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Researcher Analyzes Arizona COVID-19 Spread Models for Decision-Makers
The following information regarding the spread of COVID-19 in Arizona was prepared by Joe Gerald, MD, PhD, a researcher at the Mel and Enid Zuckerman College of Public Health (MEZCOPH) at the University of Arizona. This information has also been reviewed by other MEZCOPH faculty.
This data were obtained from the Arizona Department of Health Services COVID-19 webpage and reflect conditions in Arizona as of December 24, 2021.
This information is intended to help guide our response to the outbreak. It is not intended to predict how this pandemic will evolve. Rather, this model extrapolates what might occur if current conditions remain unchanged. As regional authorities and healthcare providers respond, their actions are expected to mitigate the worst consequences of this pandemic.
COVID-19 Disease Outbreak Forecast
Arizona State and Pima County
Updated December 24, 2021
Disclaimer: This information represents my personal views and not those of The University of Arizona, the Zuckerman College of Public Health, or any other government entity. Any opinions, forecasts, or recommendations should be considered in conjunction with other corroborating and conflicting data. Updates can be accessed at https://publichealth.arizona.edu/news/2021/covid-19-forecast-model.
Figure 1. Weekly COVID-19 Cases in Arizona and Number of Individuals Undergoing COVID-19 Diagnostic Testing March 1, 2020 – December 19, 2021.
For the week ending December 19th, 23704 Arizonans were diagnosed with COVID-19, a 3% decrease from the 24424 cases initially reported last week (Figure 1). Cases are currently being diagnosed at a rate of 326 cases per 100K residents per week. Rates are highest among those 25 – 64 years and lowest among those ≥65 years, 390 and 234 cases per 100K residents, respectively (Figure 2a following page). As an early harbiner of the imminent Omicron wave, rates among those 20 – 39 years are now increasing (data not shown).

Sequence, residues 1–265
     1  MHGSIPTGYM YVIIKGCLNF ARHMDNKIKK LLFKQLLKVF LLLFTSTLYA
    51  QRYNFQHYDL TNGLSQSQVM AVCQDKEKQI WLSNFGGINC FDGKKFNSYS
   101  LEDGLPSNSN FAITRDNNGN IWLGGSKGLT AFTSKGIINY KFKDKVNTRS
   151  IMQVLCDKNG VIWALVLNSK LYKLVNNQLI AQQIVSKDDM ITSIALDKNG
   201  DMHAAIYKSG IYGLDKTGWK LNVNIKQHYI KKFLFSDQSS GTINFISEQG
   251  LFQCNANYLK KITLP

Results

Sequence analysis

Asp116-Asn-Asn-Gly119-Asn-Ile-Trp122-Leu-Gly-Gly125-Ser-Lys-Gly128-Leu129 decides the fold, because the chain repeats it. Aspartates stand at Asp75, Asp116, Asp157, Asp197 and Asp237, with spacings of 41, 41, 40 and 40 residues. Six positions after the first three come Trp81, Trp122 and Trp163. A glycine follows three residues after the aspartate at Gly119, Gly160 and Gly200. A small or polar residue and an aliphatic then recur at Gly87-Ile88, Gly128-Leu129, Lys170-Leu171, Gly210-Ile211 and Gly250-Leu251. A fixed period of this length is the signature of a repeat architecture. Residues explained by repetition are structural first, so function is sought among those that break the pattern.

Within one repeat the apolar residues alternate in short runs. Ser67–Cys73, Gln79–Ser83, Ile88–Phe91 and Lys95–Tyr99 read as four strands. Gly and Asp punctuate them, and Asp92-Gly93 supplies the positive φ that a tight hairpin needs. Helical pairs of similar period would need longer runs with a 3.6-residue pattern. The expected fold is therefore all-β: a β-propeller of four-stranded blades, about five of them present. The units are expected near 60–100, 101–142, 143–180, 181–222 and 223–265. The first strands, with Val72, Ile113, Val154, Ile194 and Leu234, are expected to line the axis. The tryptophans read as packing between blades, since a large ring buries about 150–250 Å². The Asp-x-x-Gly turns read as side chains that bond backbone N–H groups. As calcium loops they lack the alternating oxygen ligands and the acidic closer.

Arizona’s new case ranking has dropped to 30th. The nation’s current leaders are Rhode Island (857), New York (842), New Jersey (643), Illinois (639), and Massachusetts (624). Note: New York City (1124) and District of Columbia (1104) have even higher rates as metropolitan subunits. According to the CDC, only 31% of Arizona adults and 50% of its seniors are vaccinated with a third dose booster. The ADHS Vaccine Dashboard shows weekly doses delivered dropped 20% to 165K doses. The CDC recommends everyone ≥18 years should receive a booster and has widened eligibility to those 16 – 17 years. With winter here, waning immunity among those without a booster will place them at risk of breakthrough infection from the circulating Omicron variant.
GROUND HOG DAY → Arizona continues to experience a high number of cases, hospitalizations, and deaths. With waning vaccine efficacy and a potentially short duration of acquired immunity, herd immunity is not achievable. As time progresses, more individuals will become susceptible. While the previously vaccinated and previously infected will remain mostly protected from severe outcomes, they will contribute to community transmission. Unvaccinated Arizonans will not be able to avoid infection by “free riding” on high levels of community immunity. The decision to remain unvaccinated carries a much greater risk than getting vaccinated. For the vaccinated, third-shot boosters provide additional protection and should be a priority for anyone >50 years to ward off infection from the Delta variant or the newly dominant Omicron variant.
Figure 2a shows transmission among all age groups is declining. However, rates among those 25 – 64 years are flattening driven by increases among those 20 – 39 years (data not shown). With Omicron being the dominant variant, expect cases among working age adults to sharply increase in the coming days. Changing testing patterns during Christmas and the New Year’s holidays will tend to underestimate increases in viral transmission. Hospital COVID-19 occupancy, a consistent but lagging indicator, will be less useful in the weeks ahead because of how rapidly Omicron transmits.